“What do you mean you’ve never heard of Buckaroo?”
My fiancée shrugged.
“You’ve got this donkey, right, and you have to stack things on top of his back…”
“We have Jenga?”
Buckaroo is not Jenga. It looks like this.
It’s the sort of game you play once or twice when you’re in your mid childhood and then never see it again. At least, that’s what it was to me. But the adverts were everywhere and they got into our collective unconscious. In the UK it became an idiom.
If you’re carrying too much you’re like Buckaroo.
But no, the Americans don’t have it. And this surprised me. After all, it looks like it was inspired by the Wild West. Although some of the boxes look like they’d now reach into cultural appropriation territory, what with the Mexicans in sombreros and ponchos running away from this mad raving donkey. Maybe a little culturally insensitive.
But yeah, just one of these things. Growing up in Scotland I suppose I developed a top-cold-wet bit of an island mentality. With the wind up there and the wide open spaces it was sometimes hard to believe there was a world outside Scotland. It was hard to imagine a world where the weather was pleasant. I could tell TV was fake because it was always sunny. I think this sort of thinking really comes quite often in young people all over the world. We’re not especially thoughtful creatures, in spite of the fact that we are the only creature we know with entire industries based on thinking. Thankfully, people gain a bit of empathy and a bit of world knowledge as they get a bit older, but it’s still possible to get shocked by small things like whether the woman you love and intend on starting a life with has heard of Buckaroo.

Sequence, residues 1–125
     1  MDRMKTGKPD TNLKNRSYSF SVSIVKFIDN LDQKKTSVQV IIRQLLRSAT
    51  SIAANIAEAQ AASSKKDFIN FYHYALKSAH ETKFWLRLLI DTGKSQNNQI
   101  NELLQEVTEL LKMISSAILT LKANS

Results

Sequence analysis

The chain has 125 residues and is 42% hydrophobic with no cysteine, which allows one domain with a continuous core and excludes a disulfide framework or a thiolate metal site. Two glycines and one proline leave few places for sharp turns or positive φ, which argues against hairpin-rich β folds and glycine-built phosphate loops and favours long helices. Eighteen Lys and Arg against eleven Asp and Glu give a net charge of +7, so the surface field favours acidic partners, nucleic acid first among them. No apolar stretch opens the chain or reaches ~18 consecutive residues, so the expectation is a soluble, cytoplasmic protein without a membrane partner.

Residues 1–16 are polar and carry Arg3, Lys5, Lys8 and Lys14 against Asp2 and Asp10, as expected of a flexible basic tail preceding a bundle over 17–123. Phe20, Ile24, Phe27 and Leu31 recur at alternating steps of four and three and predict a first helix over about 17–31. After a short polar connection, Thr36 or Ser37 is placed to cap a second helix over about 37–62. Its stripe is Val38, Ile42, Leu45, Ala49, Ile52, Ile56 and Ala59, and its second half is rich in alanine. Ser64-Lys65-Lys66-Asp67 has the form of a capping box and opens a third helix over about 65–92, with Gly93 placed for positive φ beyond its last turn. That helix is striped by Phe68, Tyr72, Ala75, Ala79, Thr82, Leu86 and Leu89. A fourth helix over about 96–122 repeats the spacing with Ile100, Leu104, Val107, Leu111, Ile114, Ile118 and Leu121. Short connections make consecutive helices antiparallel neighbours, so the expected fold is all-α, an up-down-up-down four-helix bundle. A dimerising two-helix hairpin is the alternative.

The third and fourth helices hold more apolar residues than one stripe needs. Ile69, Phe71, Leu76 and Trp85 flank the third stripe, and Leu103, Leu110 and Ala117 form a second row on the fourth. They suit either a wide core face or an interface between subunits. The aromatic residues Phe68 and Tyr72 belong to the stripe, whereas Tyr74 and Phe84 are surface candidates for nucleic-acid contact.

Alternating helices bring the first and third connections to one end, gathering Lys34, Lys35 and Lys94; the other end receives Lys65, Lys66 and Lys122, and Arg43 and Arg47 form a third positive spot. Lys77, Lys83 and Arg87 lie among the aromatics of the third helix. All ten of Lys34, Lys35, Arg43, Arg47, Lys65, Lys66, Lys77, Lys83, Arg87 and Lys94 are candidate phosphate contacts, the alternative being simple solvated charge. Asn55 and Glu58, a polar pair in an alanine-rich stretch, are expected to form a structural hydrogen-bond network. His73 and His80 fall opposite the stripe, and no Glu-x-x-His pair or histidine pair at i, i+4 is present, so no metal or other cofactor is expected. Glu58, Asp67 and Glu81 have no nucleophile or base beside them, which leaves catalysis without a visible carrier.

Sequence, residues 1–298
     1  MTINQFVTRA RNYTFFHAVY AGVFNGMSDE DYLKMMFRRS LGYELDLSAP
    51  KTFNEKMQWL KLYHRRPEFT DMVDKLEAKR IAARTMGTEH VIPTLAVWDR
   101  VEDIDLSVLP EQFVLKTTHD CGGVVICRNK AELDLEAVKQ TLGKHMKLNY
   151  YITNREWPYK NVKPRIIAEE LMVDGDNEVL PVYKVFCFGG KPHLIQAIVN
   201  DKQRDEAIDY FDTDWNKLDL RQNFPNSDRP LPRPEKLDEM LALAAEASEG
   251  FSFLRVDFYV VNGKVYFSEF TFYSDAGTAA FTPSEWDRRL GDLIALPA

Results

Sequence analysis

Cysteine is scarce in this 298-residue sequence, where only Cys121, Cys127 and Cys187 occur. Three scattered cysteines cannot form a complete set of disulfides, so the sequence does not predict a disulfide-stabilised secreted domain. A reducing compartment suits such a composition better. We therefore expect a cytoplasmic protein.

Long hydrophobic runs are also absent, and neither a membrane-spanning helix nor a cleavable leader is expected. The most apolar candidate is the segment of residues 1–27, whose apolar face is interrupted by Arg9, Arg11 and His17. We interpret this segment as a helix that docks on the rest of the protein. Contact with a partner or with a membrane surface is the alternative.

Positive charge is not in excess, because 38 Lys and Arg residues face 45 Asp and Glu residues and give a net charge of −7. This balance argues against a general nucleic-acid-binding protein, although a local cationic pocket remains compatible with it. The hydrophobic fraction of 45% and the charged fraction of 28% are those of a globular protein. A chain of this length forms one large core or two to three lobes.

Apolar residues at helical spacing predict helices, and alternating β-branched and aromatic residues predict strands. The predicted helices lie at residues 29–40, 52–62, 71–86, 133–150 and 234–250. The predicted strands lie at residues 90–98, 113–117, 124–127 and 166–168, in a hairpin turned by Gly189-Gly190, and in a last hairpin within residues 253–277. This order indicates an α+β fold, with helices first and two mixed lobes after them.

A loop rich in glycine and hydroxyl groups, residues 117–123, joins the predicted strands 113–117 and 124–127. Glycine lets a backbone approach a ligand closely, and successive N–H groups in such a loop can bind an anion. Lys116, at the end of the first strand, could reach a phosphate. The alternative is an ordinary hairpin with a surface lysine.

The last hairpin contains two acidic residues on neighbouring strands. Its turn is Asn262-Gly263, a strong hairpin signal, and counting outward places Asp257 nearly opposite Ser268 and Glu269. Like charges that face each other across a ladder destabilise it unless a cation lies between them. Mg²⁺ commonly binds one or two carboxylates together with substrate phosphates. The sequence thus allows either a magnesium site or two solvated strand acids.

It’s just weird.
Like the way she says ‘erbs for herbs. Or oh-RE-gano instead of OreGano. Margarine for a Scot rhymes with submarine. For an American it rhymes with tin. It’s like we’re speaking a different language at times. I get it and I know how some of it happened but it’s just different.
Then again, there are probably hundreds of bits of American culture I don’t get. Perhaps they have a similar game to Buckaroo, or something totally different. I must confess, I only know about a lot of American things because I spend far too much time on the internet.
I kind of wonder what type of things I will learn as we go on together. What are those essential but homely bits of American culture that we don’t get shown on TV? The global convergence of our entertainment culture can only express so much. It’ll be interesting to see what comes of us as the Scottish and American bits of our identities overlap. I hope the kids get some Scottish vowel sounds. Those are beautiful. I think I’d prefer my fiancées tonality though as I sound a bit dour sometimes.
Our children will get raised by the good doctors, Who and Seuss. My fiancée may not like tea, but I suspect it’s hereditary so I’ll make sure to provide it as an option for the kids from a young age. We will drink tea and play Buckaroo, but then we’ll also find out what’s the American version of tea and what is the American version of Buckaroo. It’s only fair. Hopefully my fiancée will also manage to understand the complicated rules of Buckaroo without too much explaining.
Confident that his fiancée will not realise he is throwing shade, as she doesn’t know the first thing about Buckaroo, the writer of this piece has become very cocky in his ability to get away with it. So cocky in fact that he has hidden it in plain sight in italic print which draws the eye. If you or anyone else you know knows of the US version of Buckaroo, do get in touch